Thousands of objects were looted from present-day Nigeria by British troops in a punitive mission in 1897.
Germany’s advisory commission on Nazi-looted art also recommended the return of a painting by Erich Heckel to the heirs of Jewish journalist Max Fischer.
The protesters called to redirect government funding of the Humboldt Forum towards cultural decolonization initiatives.
The painting, worth an estimated $340,000, was left behind by a traveler at Düsseldorf Airport and scrapped by a cleaning crew.
4 Nights at the Museum, a “weird-ass visual podcast,” is a good example of responsive curating amid the pandemic.
How better to illustrate the inadequacy of current restitution efforts than to offer up as tribute an object by one of Germany’s most famous artists, who thought art could bring about transformative social change?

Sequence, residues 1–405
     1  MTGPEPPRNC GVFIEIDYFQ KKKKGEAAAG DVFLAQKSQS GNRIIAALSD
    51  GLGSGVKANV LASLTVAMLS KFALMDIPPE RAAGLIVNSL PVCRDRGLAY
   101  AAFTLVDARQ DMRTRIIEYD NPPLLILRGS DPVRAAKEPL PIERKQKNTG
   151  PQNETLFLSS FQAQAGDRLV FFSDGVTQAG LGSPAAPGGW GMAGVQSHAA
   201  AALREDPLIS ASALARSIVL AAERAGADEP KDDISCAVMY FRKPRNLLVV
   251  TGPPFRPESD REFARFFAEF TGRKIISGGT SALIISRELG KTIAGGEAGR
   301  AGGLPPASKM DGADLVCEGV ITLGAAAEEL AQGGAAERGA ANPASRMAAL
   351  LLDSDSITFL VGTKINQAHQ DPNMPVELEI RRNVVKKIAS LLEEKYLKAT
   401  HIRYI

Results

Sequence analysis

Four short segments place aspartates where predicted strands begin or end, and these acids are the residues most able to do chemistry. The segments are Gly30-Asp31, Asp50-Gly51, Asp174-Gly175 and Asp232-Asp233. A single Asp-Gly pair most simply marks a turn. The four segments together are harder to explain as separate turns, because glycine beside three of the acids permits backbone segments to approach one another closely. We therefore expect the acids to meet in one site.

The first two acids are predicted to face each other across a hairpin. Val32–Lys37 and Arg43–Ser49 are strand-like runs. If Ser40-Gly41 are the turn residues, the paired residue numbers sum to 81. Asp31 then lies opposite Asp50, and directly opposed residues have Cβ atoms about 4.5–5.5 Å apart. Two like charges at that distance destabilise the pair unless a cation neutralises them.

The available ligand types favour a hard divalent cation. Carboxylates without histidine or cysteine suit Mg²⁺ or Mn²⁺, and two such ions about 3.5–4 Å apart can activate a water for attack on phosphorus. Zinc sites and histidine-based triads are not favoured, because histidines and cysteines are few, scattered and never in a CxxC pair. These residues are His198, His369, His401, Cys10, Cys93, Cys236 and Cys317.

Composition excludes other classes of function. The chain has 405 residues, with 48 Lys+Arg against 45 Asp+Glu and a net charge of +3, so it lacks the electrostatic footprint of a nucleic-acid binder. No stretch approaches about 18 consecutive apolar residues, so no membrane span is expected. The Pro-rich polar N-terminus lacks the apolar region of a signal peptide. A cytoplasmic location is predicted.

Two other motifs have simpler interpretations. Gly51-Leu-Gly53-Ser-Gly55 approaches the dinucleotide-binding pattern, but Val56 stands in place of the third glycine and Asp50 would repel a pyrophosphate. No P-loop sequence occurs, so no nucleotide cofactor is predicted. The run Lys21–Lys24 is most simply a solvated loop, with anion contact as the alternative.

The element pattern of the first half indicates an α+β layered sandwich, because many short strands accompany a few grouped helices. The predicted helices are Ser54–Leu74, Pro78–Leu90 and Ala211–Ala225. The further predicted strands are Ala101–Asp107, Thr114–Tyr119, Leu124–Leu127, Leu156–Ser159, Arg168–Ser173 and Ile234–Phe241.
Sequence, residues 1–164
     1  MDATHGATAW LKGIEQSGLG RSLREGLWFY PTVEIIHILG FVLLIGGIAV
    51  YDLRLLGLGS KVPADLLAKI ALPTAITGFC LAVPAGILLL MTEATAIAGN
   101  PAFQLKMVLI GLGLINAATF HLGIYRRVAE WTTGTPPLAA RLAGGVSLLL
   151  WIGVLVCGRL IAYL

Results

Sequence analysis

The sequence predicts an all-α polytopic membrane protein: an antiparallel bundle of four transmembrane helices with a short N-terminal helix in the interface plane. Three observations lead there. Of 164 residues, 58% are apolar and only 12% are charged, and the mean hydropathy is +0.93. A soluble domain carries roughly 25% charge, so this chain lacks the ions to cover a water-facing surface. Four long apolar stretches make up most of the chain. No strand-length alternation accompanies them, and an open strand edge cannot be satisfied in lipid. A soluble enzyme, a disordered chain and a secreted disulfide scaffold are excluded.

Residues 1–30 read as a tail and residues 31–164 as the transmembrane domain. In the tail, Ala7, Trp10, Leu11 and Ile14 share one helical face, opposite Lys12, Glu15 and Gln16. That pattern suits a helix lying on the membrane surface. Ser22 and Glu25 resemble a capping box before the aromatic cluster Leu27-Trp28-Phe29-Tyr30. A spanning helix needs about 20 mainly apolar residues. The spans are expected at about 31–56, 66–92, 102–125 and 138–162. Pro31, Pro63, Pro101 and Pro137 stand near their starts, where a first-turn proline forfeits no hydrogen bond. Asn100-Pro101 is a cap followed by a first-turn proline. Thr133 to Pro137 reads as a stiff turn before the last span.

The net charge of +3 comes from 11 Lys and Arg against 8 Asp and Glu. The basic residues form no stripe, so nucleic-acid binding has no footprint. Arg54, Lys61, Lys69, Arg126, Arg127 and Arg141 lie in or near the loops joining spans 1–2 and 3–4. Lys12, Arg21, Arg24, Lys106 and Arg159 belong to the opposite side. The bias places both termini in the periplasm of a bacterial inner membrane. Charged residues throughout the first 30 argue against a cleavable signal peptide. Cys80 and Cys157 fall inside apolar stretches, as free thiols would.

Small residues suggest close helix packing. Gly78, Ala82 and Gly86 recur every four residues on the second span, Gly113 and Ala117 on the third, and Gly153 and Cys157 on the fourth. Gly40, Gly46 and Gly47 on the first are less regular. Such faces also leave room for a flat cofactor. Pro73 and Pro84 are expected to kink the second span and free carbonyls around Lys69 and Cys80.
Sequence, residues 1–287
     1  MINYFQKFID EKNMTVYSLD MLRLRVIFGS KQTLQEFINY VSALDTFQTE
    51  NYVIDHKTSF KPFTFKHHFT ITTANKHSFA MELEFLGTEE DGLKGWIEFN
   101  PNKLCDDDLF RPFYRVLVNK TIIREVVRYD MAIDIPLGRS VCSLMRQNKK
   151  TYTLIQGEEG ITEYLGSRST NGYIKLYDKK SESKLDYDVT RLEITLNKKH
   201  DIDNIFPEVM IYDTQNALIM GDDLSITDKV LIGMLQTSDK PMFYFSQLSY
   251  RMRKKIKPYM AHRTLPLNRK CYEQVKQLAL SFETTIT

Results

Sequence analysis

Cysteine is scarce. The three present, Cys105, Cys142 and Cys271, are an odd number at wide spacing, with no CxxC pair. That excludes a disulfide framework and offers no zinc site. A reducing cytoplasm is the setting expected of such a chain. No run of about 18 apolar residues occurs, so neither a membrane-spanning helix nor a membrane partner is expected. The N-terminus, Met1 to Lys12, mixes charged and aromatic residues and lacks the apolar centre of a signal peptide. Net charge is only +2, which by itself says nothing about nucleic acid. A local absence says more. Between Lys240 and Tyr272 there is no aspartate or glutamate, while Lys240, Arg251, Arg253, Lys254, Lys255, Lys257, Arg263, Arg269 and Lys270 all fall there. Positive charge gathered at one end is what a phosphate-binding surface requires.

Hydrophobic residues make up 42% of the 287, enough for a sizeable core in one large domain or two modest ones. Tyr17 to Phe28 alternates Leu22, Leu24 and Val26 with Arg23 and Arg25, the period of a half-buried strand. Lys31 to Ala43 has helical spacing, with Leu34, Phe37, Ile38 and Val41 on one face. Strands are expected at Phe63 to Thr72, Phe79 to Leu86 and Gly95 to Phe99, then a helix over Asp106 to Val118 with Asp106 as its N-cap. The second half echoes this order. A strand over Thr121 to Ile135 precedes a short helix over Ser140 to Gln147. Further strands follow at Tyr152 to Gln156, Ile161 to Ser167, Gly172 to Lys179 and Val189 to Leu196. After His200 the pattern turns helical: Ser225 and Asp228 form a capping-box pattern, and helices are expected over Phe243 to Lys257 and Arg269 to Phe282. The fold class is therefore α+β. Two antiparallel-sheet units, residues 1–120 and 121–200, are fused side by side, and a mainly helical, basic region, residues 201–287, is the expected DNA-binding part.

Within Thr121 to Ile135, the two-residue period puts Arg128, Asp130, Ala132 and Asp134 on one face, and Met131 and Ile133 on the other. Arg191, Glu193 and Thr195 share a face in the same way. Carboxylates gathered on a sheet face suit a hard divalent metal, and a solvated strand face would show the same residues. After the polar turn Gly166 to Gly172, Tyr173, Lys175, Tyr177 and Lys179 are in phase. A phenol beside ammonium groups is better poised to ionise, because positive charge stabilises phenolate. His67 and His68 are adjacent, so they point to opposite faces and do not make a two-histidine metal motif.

The museum rolled its Trump lookalike off the premises in a dumpster.
Following their creation of an anti-fascist art installation for a show at Kunstsammlungen Chemnitz, the artist-activist group Peng! Collective found themselves at the center of a perhaps inevitable brouhaha.
A look back at all the questions, contradictions, omissions, and elisions of last year’s bauhaus imaginista exhibition reveals that it was a show about contemporary Germany as a country as much as it is about whatever we are calling “the Bauhaus.”
An organ recital of a piece by the composer began in 2001 and will run until 2640. This weekend, listeners gathered to hear its 14th chord change.
The Museum of Modern Art has released a short film of a German elevated train from its archives, and it absolutely rules.
Since about the 1970s, a new and largely post-vernacular Yiddish culture has started to develop in many, often unexpected, locales around the world. A related visual aesthetic now seems to be emerging.